• Individual Author: Dion, Robin; Holcomb, Pamela; Zaveri, Heather; D'Angelo, Angela Valdovinos; Clary, Elizabeth; Friend, Daniel; Baumgartner, Scott
    Reference Type: Report
    Year: 2018

    Broad changes in family demographics have left many children without the support or involvement of their fathers. As a result of high rates of nonmarital births and divorce, millions of American children do not live with both of their parents. Rates of nonresidence are particularly high among groups that tend to face more economic challenges: 58 percent of black children and 31 percent of Hispanic children were living without their biological fathers in 2012. Father absence is associated with a range of unfavorable outcomes for children, including poor social-emotional adjustment, dropping out of school, and experiencing mental health problems as adults.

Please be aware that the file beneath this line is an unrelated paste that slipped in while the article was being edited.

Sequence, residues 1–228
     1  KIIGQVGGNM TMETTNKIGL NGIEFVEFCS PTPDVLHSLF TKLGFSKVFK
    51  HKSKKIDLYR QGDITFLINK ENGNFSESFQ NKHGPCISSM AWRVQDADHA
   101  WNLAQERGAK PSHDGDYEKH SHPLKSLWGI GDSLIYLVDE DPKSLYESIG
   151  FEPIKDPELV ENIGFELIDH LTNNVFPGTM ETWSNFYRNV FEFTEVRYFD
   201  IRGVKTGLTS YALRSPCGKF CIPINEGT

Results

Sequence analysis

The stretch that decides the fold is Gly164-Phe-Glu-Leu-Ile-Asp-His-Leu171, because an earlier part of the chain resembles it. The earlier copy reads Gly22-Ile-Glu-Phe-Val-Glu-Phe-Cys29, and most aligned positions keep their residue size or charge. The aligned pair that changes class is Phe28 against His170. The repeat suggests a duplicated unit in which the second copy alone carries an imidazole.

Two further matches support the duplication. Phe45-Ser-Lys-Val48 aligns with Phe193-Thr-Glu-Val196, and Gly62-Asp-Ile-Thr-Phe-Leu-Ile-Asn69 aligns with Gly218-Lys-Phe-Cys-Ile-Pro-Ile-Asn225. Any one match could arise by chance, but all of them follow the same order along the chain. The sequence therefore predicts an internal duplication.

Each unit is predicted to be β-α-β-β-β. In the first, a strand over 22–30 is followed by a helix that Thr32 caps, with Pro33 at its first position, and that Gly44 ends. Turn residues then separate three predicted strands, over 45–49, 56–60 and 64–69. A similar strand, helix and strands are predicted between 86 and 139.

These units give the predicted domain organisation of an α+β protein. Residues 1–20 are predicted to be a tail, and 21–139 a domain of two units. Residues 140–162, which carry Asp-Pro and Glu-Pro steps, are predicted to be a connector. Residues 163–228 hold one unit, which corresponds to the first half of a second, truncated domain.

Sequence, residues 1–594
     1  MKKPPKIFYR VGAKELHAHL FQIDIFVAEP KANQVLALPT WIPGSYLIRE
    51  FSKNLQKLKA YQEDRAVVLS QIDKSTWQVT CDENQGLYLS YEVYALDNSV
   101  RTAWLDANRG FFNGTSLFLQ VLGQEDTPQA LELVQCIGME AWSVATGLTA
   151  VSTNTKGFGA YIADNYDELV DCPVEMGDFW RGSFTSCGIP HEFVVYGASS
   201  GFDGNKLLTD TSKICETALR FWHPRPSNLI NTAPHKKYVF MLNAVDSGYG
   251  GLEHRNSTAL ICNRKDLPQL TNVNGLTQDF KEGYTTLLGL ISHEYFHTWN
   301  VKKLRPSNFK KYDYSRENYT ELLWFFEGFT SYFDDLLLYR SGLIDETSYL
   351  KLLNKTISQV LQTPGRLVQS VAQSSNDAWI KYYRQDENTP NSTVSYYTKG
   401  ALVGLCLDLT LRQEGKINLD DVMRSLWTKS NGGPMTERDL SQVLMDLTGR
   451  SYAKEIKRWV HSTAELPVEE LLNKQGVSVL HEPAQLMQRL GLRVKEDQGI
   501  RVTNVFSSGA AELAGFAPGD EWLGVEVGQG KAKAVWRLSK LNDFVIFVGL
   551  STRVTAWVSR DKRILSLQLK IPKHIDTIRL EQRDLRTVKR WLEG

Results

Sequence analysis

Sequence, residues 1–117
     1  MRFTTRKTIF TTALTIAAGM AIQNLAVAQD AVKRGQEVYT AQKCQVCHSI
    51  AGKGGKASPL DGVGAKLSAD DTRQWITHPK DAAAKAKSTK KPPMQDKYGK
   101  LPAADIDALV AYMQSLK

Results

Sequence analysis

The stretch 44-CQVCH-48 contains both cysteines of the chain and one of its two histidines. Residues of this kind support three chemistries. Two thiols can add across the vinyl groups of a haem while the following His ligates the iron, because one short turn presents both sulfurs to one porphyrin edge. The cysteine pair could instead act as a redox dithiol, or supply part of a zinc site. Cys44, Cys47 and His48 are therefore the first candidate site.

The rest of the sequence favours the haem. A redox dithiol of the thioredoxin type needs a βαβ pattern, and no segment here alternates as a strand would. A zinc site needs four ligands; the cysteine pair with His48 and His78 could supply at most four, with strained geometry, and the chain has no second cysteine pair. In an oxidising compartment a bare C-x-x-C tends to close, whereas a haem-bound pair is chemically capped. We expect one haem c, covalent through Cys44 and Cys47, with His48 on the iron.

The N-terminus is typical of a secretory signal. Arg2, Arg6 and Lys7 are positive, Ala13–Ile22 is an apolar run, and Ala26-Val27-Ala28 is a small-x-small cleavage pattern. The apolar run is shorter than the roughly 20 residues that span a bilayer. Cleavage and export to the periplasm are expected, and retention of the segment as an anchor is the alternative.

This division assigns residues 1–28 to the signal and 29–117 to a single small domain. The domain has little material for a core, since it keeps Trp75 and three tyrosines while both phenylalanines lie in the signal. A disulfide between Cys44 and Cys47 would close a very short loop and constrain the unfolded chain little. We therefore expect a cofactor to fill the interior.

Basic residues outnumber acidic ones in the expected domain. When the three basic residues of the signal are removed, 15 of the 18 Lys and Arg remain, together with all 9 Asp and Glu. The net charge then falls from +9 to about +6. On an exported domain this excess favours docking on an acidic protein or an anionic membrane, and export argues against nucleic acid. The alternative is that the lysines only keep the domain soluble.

Research suggests that the negative effects for children of father absence may be mitigated through greater father involvement. Nonresidential fathers’ greater contact with their children is associated with fewer child and adolescent behavior problems. The quality of father-child interaction also appears to matter. Nonresidential fathers’ engagement in child-related activities has been found to be linked to positive social...